Criminal court is where you go to face charges if you have been accused of committing a crime or violating a law.
Municipal Court has jurisdiction of all cases arising under the ordinances of the city or town, and has jurisdiction concurrently with justices of the peace of precincts in which the city or town is located, of violations of laws of the state committed within the city limits. Most traffic offenses, for example, could be handled by a municipal court judicial officer.
Justice of the peace courts have jurisdiction of the following offenses committed within their respective precincts: Misdemeanors and criminal offenses punishable by a fine not exceeding two thousand five hundred dollars, or imprisonment in the county jail for not to exceed six months, or by both a fine and imprisonment. (The amount of restitution or incarceration costs shall not be considered as part of the fine for purposes of determining jurisdiction.) Justice of the peace courts also hold hearings in felony cases, but only for the limited purpose of commencing an action and conducting preliminary proceedings prior to transfer of the case to Superior Court.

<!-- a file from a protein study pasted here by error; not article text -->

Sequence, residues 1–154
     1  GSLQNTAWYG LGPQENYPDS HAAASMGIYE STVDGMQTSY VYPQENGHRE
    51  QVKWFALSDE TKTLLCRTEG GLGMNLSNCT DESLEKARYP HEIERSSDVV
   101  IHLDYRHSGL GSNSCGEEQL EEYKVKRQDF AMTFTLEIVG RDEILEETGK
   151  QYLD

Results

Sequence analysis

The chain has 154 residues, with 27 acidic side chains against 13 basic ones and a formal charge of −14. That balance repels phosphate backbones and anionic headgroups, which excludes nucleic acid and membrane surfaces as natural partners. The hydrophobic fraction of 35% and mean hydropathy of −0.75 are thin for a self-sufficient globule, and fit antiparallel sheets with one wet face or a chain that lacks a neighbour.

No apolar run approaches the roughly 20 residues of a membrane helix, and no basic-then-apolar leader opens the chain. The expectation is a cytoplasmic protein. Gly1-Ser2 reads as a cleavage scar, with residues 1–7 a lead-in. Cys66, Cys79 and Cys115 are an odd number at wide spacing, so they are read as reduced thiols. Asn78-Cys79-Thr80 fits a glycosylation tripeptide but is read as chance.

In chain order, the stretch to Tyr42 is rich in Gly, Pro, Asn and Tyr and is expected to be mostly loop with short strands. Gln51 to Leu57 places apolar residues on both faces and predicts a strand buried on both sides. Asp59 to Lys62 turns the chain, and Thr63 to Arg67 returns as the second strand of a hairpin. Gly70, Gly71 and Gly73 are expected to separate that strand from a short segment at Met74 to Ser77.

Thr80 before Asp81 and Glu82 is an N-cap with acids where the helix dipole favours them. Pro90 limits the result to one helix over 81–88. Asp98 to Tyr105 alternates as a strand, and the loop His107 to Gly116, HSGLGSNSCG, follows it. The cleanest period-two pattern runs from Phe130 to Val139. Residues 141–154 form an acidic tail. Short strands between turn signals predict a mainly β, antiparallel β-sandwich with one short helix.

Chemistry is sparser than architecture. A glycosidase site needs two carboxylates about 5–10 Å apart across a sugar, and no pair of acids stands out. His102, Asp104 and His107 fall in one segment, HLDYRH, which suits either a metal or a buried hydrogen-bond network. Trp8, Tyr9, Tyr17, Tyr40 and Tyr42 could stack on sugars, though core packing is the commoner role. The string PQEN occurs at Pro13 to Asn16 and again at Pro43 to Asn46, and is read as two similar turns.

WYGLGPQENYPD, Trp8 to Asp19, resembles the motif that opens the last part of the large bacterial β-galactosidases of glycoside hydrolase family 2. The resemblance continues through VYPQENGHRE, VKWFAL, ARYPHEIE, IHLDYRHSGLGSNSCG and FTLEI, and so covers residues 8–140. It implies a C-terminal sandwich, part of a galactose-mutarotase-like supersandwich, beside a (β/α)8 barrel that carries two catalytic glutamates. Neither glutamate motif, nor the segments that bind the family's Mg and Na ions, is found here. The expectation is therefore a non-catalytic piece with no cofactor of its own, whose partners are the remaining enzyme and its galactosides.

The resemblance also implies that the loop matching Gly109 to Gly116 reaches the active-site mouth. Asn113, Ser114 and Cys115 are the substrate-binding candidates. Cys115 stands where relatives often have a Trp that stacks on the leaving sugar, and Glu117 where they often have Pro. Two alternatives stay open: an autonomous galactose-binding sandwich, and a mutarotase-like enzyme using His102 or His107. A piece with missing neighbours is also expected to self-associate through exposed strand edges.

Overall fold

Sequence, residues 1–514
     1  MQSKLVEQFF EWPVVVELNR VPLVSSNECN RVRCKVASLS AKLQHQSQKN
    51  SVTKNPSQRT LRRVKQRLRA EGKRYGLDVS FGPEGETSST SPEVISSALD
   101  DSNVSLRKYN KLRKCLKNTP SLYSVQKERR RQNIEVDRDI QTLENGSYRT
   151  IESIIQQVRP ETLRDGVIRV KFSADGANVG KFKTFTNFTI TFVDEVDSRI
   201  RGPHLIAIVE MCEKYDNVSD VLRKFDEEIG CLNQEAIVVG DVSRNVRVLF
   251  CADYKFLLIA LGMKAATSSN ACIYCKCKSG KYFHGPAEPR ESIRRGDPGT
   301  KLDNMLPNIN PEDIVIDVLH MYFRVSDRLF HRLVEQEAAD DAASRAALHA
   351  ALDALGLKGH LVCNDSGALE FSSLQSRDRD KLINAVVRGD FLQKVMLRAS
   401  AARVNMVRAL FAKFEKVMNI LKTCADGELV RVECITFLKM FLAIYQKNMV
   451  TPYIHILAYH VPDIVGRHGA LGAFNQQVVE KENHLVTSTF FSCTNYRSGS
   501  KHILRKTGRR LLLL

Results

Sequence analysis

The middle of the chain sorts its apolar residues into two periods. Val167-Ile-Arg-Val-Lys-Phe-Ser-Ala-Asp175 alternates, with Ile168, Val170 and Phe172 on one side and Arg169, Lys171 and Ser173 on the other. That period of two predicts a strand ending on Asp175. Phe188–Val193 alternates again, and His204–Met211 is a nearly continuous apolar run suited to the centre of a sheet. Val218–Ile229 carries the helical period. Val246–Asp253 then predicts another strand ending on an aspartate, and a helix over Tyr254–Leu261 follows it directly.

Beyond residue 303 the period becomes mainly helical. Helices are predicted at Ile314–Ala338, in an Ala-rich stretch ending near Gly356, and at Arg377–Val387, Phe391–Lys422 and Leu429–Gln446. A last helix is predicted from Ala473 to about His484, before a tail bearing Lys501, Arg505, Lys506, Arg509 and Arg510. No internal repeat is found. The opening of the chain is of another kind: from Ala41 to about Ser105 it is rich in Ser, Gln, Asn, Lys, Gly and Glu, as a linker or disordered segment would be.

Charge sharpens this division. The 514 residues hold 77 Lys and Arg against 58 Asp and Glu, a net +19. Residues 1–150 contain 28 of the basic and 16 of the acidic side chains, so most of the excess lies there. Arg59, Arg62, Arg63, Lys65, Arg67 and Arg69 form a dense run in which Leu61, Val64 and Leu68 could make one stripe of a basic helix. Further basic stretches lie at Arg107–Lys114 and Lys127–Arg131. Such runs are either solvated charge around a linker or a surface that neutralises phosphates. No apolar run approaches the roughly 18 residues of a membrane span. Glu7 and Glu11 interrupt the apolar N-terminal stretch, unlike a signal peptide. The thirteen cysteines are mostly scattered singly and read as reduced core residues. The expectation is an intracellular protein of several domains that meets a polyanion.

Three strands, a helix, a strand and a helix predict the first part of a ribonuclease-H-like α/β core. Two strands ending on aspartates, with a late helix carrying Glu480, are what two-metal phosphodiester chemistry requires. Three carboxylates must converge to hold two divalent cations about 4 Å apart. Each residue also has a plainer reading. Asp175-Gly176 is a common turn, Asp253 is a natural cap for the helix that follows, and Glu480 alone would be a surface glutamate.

Superior Court is a general jurisdiction court in which some misdemeanor cases are heard, and all felony charges are handled. Crimes which are classified as felonies are more serious than misdemeanor offenses, and the punishment if convicted can range from a presumptive term of a year in prison for a Class 6 Felony to 25 years to life in prison for a Class 1 Felony. A conviction for a First Degree Murder, for example, might result in the death penalty.